Global insurance premiums could reach $10trn by 2030, according to management consulting firm Bain & Company’s new report, Insurance 2030: As Risks Mount, Insurers Aim to Augment Protection with Prevention.
The report highlights the evolving risk landscape for insurers, showing risks declining or flatlining in mature areas such as personal auto and mortality, expanding in new areas such as cybercrime and digital assets, and growing more severe in others, including climate change and infectious disease.
Bain & Co says these changes “are propelling the insurance industry to take on a new role, moving from seeking reimbursements for damages to incentivising behaviours to reduce overall risk”.
On the one hand, the firm says road travel is safer than ever, with deaths resulting from motor vehicle accidents in the US declining by about 70% during the past four decades. But on the other, climate change is expected to result in a roughly tenfold increase in economic losses during the next three decades. The report notes that during 2020 alone, the US experienced a record number of wildfires and a record number of storms during hurricane season.
The report reveals that risk and protection are shifting geographically toward countries with faster economic growth. The research shows China will drive well over a quarter of global premium growth through 2030. However, it notes that few multinational insurers can participate in China’s insurance markets, due to intense competition and regulations that favour domestic firms.
“The consequences for an underprotected world with low insurance penetration may be severe, particularly in emerging markets,” commented Andrew Schwedel, who leads Bain & Co’s macro trends group. “Thanks to improved technology and data, insurance companies now have the chance – and perhaps even the duty – to shift the industry’s central purpose from loss reimbursement to loss control over the next decade.”
On the technology side, tools such as automation or the internet of things can be used to directly partner with customers to identify, prevent and mitigate each risk event, says Bain & Co, adding that its research shows that these technologies can also reduce operational costs by as much as 50% through increased efficiency, and reduce claims payouts by up to 20% by mitigating risks.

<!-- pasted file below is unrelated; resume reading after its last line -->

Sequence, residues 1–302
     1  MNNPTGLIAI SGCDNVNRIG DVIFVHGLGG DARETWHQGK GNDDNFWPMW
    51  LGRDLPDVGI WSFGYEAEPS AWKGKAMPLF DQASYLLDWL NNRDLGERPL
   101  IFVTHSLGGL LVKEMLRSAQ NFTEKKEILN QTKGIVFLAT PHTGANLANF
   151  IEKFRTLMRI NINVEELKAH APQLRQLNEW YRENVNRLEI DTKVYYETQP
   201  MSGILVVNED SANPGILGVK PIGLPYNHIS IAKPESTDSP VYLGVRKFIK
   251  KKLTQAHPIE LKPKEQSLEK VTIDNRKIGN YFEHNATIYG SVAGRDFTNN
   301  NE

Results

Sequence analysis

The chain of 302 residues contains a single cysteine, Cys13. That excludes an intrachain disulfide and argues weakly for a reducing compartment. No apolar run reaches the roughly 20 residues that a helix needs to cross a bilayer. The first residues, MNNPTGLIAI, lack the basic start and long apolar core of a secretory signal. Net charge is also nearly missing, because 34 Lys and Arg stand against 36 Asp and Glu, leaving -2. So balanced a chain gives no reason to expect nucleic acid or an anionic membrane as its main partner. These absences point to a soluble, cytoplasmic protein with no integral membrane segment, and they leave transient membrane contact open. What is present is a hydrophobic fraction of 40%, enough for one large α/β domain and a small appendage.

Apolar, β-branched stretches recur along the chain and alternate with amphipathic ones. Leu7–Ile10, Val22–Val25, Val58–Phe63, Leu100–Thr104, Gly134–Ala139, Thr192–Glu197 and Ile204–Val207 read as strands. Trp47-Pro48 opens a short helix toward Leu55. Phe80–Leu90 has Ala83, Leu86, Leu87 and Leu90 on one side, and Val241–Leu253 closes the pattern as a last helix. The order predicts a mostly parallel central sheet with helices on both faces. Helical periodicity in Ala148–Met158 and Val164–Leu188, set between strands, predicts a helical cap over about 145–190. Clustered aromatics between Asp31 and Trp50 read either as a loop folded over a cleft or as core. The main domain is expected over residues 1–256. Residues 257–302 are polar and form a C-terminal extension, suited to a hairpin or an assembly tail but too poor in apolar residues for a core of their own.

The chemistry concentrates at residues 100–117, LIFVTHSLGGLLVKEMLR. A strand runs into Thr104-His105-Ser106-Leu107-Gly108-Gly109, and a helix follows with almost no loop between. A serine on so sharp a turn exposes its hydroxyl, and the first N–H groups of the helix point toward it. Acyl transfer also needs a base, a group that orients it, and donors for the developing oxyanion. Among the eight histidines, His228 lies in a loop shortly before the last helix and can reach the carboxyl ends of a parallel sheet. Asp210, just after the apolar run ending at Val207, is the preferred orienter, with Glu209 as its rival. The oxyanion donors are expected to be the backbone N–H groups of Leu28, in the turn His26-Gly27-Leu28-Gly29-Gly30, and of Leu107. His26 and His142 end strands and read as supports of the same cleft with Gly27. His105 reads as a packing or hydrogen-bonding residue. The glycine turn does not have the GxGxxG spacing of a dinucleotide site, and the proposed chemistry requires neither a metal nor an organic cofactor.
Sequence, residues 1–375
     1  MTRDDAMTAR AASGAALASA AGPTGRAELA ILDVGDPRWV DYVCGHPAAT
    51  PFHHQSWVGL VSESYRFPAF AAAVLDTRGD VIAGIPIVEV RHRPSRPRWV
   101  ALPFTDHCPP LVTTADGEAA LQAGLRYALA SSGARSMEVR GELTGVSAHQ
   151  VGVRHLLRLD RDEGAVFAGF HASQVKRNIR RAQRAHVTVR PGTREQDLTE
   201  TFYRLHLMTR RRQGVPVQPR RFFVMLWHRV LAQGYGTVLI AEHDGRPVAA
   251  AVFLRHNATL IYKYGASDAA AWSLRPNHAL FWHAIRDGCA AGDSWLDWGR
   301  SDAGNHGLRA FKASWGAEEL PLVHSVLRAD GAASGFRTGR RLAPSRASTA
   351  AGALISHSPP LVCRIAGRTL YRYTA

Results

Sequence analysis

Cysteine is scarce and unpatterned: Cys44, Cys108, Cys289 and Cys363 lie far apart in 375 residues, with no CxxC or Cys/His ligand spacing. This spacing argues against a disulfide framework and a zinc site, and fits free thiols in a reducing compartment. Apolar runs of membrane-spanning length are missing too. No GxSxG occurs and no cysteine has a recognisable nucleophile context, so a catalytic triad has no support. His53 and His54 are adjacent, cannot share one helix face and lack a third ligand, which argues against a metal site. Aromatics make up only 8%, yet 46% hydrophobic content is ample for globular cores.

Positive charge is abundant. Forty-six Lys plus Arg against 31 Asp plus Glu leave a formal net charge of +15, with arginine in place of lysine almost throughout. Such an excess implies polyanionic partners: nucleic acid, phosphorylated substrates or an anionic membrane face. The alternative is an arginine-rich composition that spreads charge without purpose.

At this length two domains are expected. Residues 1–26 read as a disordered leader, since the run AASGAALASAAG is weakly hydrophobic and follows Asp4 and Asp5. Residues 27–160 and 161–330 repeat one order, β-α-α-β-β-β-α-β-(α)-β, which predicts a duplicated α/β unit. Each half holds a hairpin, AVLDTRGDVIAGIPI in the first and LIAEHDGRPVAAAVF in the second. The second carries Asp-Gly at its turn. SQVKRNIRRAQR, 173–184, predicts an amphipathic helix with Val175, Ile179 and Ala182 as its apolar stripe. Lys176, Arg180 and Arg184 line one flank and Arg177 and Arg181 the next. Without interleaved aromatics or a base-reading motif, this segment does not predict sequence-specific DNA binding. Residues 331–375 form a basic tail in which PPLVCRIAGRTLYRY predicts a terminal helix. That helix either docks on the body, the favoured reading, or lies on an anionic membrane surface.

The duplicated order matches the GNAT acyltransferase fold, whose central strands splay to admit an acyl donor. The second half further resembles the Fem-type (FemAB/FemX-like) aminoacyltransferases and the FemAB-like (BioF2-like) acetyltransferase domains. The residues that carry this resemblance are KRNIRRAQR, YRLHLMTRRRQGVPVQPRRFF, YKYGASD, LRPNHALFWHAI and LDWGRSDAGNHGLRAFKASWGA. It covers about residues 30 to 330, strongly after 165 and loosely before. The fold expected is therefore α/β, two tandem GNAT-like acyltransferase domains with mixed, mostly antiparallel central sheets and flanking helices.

“Since technology and data analytics allow insurers to make unprecedented gains in understanding, preventing and mitigating risks, they are also likely to increase the pressure on bad risks, resulting in sharply higher prices, outright unavailability of coverage or increased regulation. Insurers see three main consequences of this trend: some risks to property exposures, such as wildfires in California, become too expensive to cover; extreme segmentation and underwriting price discrimination weakens the subsidies at the core of risk pooling; and public pressure intensifies on out-of-favour sectors, such as carbon-intensive energy producers,” says Bain & Co.
The report suggests insurers should be looking at how they interact with customers to prevent and mitigate risks, noting that going beyond risk transfer to risk mitigation and prevention will be critical for insurers, customers and regulators in a riskier world. The report also says insurers should consider how aggressively they explore alternative capital options, pointing out that alternative sources of capital will increasingly become available to insurers, particularly as a form of reinsurance in catastrophe bonds and other lines